"Obama’s budget knife set to cut $17bn
By Tom Braithwaite in Washington
Published: May 7 2009 01:32 | Last updated: May 7 2009 01:32
The White House will on Thursday detail $17bn of proposed budget reductions as the US administration attempts to boost its deficit-cutting credentials at a time of hugely increased government spending.
A Paris-based education attaché, an obsolete navigation system and paying states to clean up mines that were cleaned long ago are among programmes expected to have federal funding cut off.
Reductions in defence spending already announced by Robert Gates, defence secretary, make up about half of the reductions, but in total the administration plans to detail 121 cuts – of which 80 are new on the chopping block – with a claimed saving of $17bn (€13bn, £11.3bn) in 2010 and more in the future.
The administration inherited a $1,300bn budget deficit, which will rise to $1,750bn this year with the increased spending designed to combat the effects of the recession. But Barack Obama, US president, has said he plans to bring the deficit down to $533bn by 2013.
“In many cases we have multiple programmes that are doing the same thing and that drives up administrative costs unnecessarily – so duplication can be the enemy of efficiency,” said a senior administration official on Wednesday. “Another big problem is that we often don’t measure and evaluate what works.”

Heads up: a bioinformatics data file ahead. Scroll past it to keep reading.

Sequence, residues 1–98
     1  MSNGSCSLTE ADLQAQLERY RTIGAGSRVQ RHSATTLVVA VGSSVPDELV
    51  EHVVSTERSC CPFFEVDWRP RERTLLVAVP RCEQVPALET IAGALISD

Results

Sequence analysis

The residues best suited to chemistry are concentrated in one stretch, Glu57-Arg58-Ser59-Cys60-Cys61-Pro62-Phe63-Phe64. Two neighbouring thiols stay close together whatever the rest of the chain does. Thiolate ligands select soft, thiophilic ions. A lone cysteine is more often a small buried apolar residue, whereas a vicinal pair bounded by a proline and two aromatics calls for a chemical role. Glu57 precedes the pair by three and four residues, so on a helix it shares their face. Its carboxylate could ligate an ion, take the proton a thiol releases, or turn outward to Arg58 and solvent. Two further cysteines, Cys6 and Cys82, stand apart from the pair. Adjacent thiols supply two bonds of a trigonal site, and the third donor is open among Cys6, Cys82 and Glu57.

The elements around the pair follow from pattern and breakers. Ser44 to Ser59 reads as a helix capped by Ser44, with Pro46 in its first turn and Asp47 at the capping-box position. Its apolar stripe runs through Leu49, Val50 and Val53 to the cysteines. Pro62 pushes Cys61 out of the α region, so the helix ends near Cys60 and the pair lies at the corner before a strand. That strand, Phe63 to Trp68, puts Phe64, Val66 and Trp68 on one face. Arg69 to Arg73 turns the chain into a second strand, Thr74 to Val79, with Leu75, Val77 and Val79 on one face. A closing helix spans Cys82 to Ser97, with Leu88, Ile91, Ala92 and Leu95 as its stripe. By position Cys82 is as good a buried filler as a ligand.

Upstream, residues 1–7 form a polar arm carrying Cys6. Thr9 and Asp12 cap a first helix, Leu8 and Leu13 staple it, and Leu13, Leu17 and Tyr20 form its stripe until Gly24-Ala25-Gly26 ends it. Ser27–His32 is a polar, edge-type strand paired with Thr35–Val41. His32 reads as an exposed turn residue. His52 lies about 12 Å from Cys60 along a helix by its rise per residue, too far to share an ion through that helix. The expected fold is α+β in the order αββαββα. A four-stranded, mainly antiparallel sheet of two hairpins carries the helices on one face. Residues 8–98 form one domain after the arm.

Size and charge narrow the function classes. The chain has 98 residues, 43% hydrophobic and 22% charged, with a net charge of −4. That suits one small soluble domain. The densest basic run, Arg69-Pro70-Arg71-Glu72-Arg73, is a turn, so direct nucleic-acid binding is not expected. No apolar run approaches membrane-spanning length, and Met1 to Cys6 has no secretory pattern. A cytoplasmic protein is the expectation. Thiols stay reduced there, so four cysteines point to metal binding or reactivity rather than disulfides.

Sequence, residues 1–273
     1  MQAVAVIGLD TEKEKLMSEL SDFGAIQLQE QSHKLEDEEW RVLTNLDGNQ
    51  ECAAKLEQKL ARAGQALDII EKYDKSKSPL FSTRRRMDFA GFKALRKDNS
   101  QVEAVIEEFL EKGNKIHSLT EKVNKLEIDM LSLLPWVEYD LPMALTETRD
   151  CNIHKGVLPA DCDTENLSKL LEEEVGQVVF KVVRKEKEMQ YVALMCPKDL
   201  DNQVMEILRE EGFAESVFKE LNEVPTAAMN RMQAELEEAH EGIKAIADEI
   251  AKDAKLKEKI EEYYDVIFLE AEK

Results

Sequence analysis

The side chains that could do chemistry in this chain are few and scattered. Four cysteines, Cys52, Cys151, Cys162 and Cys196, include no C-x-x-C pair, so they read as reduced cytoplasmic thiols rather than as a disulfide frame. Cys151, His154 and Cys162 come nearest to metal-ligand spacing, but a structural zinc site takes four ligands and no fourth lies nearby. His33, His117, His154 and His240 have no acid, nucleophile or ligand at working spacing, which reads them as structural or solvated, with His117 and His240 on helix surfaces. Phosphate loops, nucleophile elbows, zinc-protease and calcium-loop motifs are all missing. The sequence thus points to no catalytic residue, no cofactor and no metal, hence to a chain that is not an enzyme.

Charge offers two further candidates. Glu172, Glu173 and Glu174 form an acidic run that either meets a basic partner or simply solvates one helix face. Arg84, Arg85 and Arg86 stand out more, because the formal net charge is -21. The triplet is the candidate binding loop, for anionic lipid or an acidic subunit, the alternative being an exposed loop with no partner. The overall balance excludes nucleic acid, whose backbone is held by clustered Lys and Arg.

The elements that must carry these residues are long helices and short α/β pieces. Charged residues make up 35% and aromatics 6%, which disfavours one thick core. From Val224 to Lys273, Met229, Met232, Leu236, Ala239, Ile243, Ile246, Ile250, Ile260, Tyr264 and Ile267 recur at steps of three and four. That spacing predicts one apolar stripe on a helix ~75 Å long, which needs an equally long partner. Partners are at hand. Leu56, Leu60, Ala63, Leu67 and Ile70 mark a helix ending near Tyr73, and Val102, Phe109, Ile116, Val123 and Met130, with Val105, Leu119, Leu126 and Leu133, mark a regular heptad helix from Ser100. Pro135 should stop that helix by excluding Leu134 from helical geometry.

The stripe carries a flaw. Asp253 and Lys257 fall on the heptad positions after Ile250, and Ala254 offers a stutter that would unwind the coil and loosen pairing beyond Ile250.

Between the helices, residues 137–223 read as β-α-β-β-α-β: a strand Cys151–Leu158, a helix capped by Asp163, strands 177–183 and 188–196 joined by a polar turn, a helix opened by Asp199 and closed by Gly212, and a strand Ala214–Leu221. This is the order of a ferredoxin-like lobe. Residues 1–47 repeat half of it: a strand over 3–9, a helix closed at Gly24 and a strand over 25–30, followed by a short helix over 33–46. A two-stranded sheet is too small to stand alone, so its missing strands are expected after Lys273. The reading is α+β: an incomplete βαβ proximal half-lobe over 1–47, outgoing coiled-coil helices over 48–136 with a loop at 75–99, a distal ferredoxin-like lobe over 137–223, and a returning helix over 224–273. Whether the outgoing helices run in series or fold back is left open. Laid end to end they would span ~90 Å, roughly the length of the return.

Among what does not work, according to the administration, is a long-range radio navigation system that costs $35m a year and has been made obsolete by the satellite-based global positioning system. Stopping payments to states to clean up abandoned mines when cleaning has already finished is designed to save $142m a year.
“The department of education . . . does not need a full-time representative in Paris, France,” the official added. Removing the attaché would save $632,000 a year, he said.
Some of the proposals are likely to be more controversial. The administration is planning to cut the Even Start education programme, which it says is failing to meet its goal of improving literacy.
But that programme was also a budget reduction target of the previous administration, before the cut was defeated in Congress.
“Clearly a key thing is congressional support for these changes,” said the official. “None of this is going to be easy. No one ever pretended that it would be. But we’re trying to do the right thing here and I think the context has significantly changed.”
A second senior administration official said: “There’s an overriding national need here and we intend to meet that responsibility.”
Nancy Pelosi, speaker of the House of Representatives, has asked the chairmen of congressional committees to report back in June with more suggestions for cuts."